No, I still do not "believe in belief." But the case studies on non-believing preachers recently published by Dan Dennett and Linda LaScola suggest a way that those who do "believe in belief" might make common ground with the New Atheists, if they would rise to the challenge. (Okay, they won't, but anyway...)
Most of the preachers examined in the paper (I think three out of the five?) could still be classified as "believing in belief", in that they defined God as the "ground of all being" or felt that "there is room for the use of the word ‘God’ in some context", or viewed "God as a kind of poetry." What really struck me was the way that these preachers rationalized the concealment of their more "refined" metaphorical theology from their flocks. That I find far more hypocritical than those preachers who were disillusioned with religion entirely, but kept on the job because they feared for their social or family life, or their financial future.
Telling lies because you will be completely fucked if you don't might be ethically wrong, but it's very human, and anyway I'm not going to condemn anyone for that until I walk in their shoes. If I had to tell lies for a living, and I feared I'd lose my house and maybe even my wife and son if I stopped, you'd better believe I'd go on dropping bullshit from the pulpit. But telling lies because you are trying to protect the tender delusions of people who trust you for answer to the questions that are most important to them? Or because you think the listeners are too dumb or simple to hear the truth? That's never okay.
What also struck me was how much this internal dialog of the preachers in Dennett's and LaScola's case study echoed a dialog that we see over and over again between the New Atheists and the "New Theologians" like Eagleton and Armstrong and their ilk. Our side criticizes literal beliefs and dogmas, the Eaglestrongs of the world respond that we just don't understand their sophisticated theology, and then they plug their ears and refuse to listen when our side points out that that's not how most of the world practices religion, not even in modern supposedly-secular democracies.
With that in mind, I suggest a new strategy: When this tired old conversation crops up again, don't respond by simply dismissing apophatic theology, or whatever clever apologetics the Eaglestrongs are spewing, as something far removed from the actual practice of religion. Instead, challenge them to help get rid of this divide. Challenge Terry Eagleton to arrange to speak to religious groups, and tell them that a literal belief in Jesus' divinity is backwards and infantile, that the true central narrative of Christianity is understanding how "the ultimate signifier of the human condition is the tortured and murdered body of a political criminal", and not any nonsense about original sins being forgiven or any of that crap. Challenge Armstrong to go into Catholic churches, of which she was once a part, and proclaim to the congregation that "religion isn't about believing things", and that instead of telling Africans not to use condoms, they should focus on "translat[ing] these doctrines into...ethical action."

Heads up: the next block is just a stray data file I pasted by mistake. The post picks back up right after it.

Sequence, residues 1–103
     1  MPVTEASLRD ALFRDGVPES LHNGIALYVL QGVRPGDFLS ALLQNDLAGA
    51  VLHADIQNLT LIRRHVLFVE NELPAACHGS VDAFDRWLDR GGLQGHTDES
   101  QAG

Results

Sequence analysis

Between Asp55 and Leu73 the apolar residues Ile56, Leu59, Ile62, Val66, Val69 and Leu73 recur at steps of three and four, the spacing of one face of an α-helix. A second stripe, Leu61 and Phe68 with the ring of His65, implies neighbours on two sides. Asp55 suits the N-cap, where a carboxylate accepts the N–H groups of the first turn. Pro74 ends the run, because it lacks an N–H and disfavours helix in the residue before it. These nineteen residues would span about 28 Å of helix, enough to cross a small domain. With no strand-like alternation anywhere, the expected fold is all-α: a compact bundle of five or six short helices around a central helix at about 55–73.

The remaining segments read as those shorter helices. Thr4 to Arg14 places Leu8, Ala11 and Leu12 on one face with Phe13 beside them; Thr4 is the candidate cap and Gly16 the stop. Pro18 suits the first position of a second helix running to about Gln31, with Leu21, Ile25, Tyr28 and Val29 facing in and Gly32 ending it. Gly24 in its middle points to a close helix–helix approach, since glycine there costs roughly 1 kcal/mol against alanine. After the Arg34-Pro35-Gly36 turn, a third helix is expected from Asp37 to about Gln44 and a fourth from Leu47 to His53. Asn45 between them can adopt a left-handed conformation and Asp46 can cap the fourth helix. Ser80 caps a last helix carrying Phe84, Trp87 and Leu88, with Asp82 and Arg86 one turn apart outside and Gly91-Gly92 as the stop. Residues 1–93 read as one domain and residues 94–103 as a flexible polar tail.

Or to put it more simply: Whenever someone tells an atheist, "But there is a much more advanced theology than that!", our response should be, "Tell someone who cares." Like you know -- people who actually practice religion and go to church. Maybe they'd like to know about your ideas about God and religion, hmmm? And in fact, they might benefit from it quite a bit!
If the Eaglestrongs of the world really truly believed in their poetic/apophatic view of God, they need to do a helluva a lot more to get that message out to believers. And as far as it goes, we can make common cause on that. If there's one thing that Eagleton and Dawkins might agree on, it's that the idea of the virgin birth being a literal event is fucking retarded. Let's get that message out there first, mm'kay?
Edit: In fairness to Armstrong, I think she does do this to a certain extent. Her message seems to be at least as much about reform as it is about apologetics. For instance, in researching for this post, I discovered that she intended to use a $100,000 TED prize "to initiate an international Charter for Compassion – to help restore the Golden Rule as central to religious practice and daily life throughout the world." While I think the Golden Rule stands on its own just fine without the cloud of religion getting in the way, anything that gets the religious to cleave more closely to, you know, actual ethics as opposed to Stone Age dogma has got to be a good thing.
I'm sort of glad I stumbled on that, because it makes me a little less anti-Armstrong. Eagleton's still an irredeemable douche, but it seems Armstrong is already spending a lot of her time working on this "common ground". So credit where credit is due, at least.
Talking to Bozo
4 hours ago